The muse of traditional country music came early to Marc Pruett ’74. The Grammy Award-winning banjo master and Haywood County native remembers when he was a young boy riding in a car with his father and listening to the radio. A song came on that was “saturated with the emotions of a troubled life,” Pruett related to a WCU commencement audience in May as he was awarded an honorary doctor of arts degree.
“The significance of that moment for me lives in the comment my dad made when he saw I was moved by the message in that song,” Pruett said. “He asked me if I liked what I heard. Too overcome to speak, I simply nodded my head affirmatively. Then he said, ‘Son, that’s country music.’ He made that statement with a pride that told me, ‘We are country people, and it’s OK to feel those emotions.’ Our lives are sprinkled with a few defining moments, and I felt at that moment that whatever country music was would be a part of my life.”
Pruett found more musical inspiration listening to bluegrass greats on radio station WHCC-AM in Waynesville, and he already was a semiprofessional banjo player when he enrolled at WCU in 1969. While still in Cullowhee, Pruett began performing with James Monroe, son of bluegrass originator Bill Monroe, and that association led to an opportunity to play his banjo on Nashville’s top stage, the Grand Ole Opry.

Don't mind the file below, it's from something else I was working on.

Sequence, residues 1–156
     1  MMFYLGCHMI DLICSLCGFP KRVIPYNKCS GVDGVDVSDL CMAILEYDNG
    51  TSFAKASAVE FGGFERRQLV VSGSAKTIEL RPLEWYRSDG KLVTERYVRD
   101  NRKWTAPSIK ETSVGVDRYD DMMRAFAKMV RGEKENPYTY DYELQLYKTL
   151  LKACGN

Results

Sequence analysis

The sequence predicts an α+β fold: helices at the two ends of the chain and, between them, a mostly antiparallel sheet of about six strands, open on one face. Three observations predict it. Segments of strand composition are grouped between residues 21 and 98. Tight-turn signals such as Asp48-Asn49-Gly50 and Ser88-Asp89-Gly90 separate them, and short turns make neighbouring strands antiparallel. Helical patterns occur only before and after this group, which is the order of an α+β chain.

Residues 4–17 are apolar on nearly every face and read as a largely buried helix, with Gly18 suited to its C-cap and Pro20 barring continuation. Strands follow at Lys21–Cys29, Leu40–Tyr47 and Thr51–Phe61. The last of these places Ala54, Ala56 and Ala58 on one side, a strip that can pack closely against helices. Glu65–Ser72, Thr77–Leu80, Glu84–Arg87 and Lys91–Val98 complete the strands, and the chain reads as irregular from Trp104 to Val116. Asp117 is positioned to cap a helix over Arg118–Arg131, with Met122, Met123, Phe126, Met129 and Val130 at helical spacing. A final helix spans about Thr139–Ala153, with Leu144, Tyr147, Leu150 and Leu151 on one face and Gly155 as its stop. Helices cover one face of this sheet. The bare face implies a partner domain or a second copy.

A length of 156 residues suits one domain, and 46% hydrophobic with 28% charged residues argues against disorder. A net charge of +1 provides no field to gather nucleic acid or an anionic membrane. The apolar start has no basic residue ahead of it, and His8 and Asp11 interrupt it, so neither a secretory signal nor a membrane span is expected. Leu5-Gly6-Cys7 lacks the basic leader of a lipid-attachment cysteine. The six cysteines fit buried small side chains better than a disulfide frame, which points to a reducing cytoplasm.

Over the next four decades, Pruett’s talent and fame grew as he performed with bluegrass music’s elite in the recording studio and at such classic venues as New York’s Lincoln Center. Pruett joined the band of his friend Ricky Skaggs in 1995 and earned the Grammy for his work on the Skaggs’ album “Bluegrass Rules.” Since 2007, Pruett has performed with Balsam Range, which includes four other Haywood County natives. He has been a regular performer at Mountain Heritage Day, WCU’s annual fall festival, since the first one in 1975.
“Your musical accomplishments alone are exemplary and worthy of great acclaim,” Chancellor John W. Bardo said to Pruett during the degree presentation, reading from the honorary doctorate citation. “But let it be noted that during your musical career you truly have been an ambassador with a banjo as you have traveled the world, representing your university, your mountains and your people with outstanding humor, warmth and personality. You have carved your own niche as one of Western North Carolina’s great cultural icons and as a beloved son of the mountains.”
In accepting the honorary doctorate, Pruett harkened back to his own graduation day 36 years ago. “Within me were dreams that I hoped to use in cultivating a life filled with purpose, a life meeting challenges, and a life rising to the highest positive potential I could envision for myself,” he said. “The preparation I received here was invaluable toward shaping me as a person, in guiding me through my life’s work, and in helping me find many of those goals I envisioned in my youth.”